I have been an artist since my youth in Camden, South Carolina. My early work was influenced by my painter/cowboy grandfather in Alberta, Canada. I often tried to copy his cowboy images but later my intension with my art was more to make statements than to create decorative items. Although I did in collage make portraits of guys girl friends for a bit of money.
I sometimes made statements as jokes or variations of expectations in others. In school I was much more interested in those classic art statements such as Picasso’s “Guernica” than in lovely flowers or the like. I have always disliked the Southern notion that all artists need to make beach scenes and palmetto trees. But as I studied art and history, I discovered that much can be learned in art and life that is not so obvious or easy. In fact, the best statements come almost by accident or without complex determination and forethought. “Guernica” itself came onto the artist’s canvas in a rush immediately as he discovered the news. He was already working in that style with those figures and simply got angry at the Nazis bombing of this unarmed village in his homeland.
Of course, wanting to make such art and being able are two very different things. I have made a few good things and keep trying to improve. For many years, after the military, I was a film producer/director working with NPR stations across the country. But being unhappy with this I quit and went back to school seeking an MFA to be able to teach and make my own art films and eventually going back to various even more creative arts.
In the late 1980s I began working in fine art photography that eventually led me back to painting and at times combinations of the two and collage with digital images. I have made dozens of works since that time and exhibited around the world. In my last years of teaching and even more so after I retired, I’ve been doing more and more acrylic painting than either film or photography.
The piece on exhibit here, “Troops to Vietnam”, is a combination painting/collage piece. As with many works, one’s eye is forced to roam the canvas and, given time, one can discover various images that may help understand it or possible inspire further consideration.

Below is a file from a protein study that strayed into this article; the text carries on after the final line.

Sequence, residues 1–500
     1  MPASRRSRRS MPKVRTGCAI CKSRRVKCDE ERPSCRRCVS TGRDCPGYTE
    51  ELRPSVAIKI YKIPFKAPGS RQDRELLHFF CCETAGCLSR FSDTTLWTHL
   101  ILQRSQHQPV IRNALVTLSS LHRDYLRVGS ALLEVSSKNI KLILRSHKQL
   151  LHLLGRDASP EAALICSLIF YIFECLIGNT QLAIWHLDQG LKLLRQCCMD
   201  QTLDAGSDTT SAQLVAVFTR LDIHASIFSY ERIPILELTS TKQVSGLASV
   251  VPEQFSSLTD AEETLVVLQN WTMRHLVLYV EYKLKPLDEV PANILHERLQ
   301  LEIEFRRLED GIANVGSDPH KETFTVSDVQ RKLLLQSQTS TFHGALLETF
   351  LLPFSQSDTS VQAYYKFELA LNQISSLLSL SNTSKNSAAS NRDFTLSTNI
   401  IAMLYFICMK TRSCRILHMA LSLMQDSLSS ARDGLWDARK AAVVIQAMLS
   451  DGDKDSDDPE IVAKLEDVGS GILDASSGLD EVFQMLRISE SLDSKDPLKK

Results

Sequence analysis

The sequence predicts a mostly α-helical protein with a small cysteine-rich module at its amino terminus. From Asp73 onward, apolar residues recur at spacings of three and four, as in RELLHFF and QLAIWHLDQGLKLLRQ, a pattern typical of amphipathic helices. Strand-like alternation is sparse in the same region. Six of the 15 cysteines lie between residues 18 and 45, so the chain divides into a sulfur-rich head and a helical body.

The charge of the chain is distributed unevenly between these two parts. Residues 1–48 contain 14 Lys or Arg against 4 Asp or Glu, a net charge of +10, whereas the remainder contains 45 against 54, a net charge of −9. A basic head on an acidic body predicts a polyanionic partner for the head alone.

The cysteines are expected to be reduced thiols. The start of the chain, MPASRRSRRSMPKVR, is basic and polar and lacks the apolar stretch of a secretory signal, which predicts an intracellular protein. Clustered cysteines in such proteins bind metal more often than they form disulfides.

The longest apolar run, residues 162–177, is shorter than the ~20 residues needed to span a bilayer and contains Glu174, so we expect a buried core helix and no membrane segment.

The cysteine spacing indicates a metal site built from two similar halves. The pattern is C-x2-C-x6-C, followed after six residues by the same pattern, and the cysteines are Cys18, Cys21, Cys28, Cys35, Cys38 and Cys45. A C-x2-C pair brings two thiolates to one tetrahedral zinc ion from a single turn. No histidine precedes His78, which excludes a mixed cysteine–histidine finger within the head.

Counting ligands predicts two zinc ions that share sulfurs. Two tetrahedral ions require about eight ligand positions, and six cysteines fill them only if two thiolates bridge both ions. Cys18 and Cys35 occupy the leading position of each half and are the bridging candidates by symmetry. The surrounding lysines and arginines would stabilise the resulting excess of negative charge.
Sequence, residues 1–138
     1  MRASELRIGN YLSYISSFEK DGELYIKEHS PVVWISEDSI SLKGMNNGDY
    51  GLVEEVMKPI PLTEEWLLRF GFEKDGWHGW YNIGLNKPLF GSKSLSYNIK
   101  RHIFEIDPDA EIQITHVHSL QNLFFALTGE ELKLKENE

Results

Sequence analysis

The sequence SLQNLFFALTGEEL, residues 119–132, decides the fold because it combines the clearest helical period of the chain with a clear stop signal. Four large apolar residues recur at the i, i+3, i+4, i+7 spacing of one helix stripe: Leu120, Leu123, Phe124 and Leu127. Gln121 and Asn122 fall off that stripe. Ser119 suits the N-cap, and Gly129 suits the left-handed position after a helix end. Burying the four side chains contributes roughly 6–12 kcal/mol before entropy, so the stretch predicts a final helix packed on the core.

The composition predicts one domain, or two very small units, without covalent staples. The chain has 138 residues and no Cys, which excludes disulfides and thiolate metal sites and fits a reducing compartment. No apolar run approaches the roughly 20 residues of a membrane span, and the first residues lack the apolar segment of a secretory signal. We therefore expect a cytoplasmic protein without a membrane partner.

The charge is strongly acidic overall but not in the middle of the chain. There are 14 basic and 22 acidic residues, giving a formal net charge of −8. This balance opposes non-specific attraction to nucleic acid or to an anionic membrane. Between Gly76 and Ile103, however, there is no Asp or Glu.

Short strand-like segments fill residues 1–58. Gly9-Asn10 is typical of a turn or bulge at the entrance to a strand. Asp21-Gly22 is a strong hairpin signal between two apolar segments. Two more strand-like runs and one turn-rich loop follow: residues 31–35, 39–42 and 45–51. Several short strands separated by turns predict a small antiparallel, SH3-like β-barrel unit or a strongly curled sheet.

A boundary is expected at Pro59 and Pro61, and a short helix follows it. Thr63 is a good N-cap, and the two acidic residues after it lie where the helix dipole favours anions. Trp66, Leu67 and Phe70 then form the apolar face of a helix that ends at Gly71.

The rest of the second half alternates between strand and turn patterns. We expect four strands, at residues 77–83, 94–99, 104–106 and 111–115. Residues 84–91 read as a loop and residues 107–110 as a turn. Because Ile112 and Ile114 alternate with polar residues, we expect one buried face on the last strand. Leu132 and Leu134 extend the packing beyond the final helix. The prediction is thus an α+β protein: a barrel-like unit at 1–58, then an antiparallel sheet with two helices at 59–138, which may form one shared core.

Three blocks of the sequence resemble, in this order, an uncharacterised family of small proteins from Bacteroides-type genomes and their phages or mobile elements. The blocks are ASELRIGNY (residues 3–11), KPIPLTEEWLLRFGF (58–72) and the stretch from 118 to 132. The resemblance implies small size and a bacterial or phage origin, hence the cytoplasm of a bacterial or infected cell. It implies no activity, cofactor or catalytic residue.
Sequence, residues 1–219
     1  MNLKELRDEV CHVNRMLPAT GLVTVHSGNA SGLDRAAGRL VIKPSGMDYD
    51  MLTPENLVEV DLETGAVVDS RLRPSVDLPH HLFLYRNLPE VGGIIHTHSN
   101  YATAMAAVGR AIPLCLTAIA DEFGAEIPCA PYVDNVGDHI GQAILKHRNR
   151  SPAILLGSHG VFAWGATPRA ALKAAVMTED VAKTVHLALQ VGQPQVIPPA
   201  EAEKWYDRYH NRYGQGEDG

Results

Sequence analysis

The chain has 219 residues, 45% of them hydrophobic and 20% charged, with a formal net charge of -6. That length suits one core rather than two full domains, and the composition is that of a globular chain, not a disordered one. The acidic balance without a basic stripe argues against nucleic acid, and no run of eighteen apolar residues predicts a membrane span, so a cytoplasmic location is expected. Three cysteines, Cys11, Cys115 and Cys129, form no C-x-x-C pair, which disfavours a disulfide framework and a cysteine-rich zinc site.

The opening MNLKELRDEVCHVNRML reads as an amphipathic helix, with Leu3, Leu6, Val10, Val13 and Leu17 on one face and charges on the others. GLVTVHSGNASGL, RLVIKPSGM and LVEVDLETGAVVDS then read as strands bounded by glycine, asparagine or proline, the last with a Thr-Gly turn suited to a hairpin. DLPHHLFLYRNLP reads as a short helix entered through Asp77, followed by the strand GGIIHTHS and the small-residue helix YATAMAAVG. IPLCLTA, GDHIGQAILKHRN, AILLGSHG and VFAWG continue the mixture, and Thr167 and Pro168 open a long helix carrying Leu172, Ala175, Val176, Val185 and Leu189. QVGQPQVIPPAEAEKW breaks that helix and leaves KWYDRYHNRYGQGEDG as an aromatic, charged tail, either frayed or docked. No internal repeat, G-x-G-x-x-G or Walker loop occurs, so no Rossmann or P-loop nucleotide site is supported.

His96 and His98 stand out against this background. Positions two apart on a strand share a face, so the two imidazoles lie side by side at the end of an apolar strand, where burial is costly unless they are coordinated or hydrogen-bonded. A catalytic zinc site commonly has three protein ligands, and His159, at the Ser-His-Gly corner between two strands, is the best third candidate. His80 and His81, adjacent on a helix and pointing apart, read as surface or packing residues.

I am a Vietnam veteran, having served in the 1st Infantry Division in Vietnam (1967-68). I’m very fortunate to have been in an intelligence gathering unit and not actually in direct combat although as you may know there really was no “front line” in Vietnam.
If you know about that war and the turmoil it caused there and on the home front, you may better under the imagery here. Although it is not so difficult to understand. We have here the Vietnam War, bombing, money, churches, political trouble, guns, a dove and the American way (Campbell’s soup – a la Warhol). You now know I love Picasso’s “Guernica” – so you get his “war face” reference.
The challenge here is to determine why are they here as we see them. What is new about all this and is it different in some way? How is it different and why? There are also smaller things to examine here. That is the question of the piece and while some is clear other things may not be so clear cut and may have different meanings to various viewers that may be at odds with the intent. That is always an issue with art. But it could also be that I am submitting a challenge to you with the entire piece. Maybe there is something here that has no answer.
I want to challenge you to discuss the piece not in its clear connection to the war in Vietnam but rather as a piece of very contemporary art with Vietnam as a background. As Americans we all have history as a background to our current state. What do you see here that is a current issue here in our country? What is here that has not changed in 50 years? What here has become worst?
There is the image of a page turning here. But is it turning? Are we still hoping for peace but promoting guns? Do we imagine our world as a Campbell soup, country church, simple good society while we are actually creating chaos across the world with bombing? Is the US dollar still being soaked in blood on the streets of Kabul. Does oil drive our politicians and power our comfortable cities? Is there something wrong with a government run by unrepresented Jeffersonian (rule by elite control) Democratic principals?
We can also see here the old map of wartime South Vietnam. This was a subdivided country created in an agreement that the ruling north did not like but a place that allowed the French (a world away) to continue a colonial economic rule through a propped-up government. We decided to support France and after over ten-years of war and the loss of over 55,000 American soldiers and many thousands of others.
The Afghanistan war was longer and fought against a weaker enemy by a much more technically superior yet smaller US force. Yet the idea was the same. To use our military to solve a foreign political based conflict. Both times it did not work and it never would have. Like the big black suited man in the middle here, we think we can lord over all the world. But the turmoil is too much for this method. The Turmoil in the hidden wave beneath the surface – the big grey wave under the acrylic here is an actual ocean wave painted in oil and rising from beneath the new overpainting. Just as our political leaders would have tried again and again.
You may also note the design principals and other images at work here. There are competing diagonals (upper right to lower left is dominant) and a near circular center that draw the eye and confuses the viewer. Then we have the warm to cool colors moving across left to right and back again. Then we have a very small winged heart flying away in the far upper right. Maybe we are being invited to escape in the end.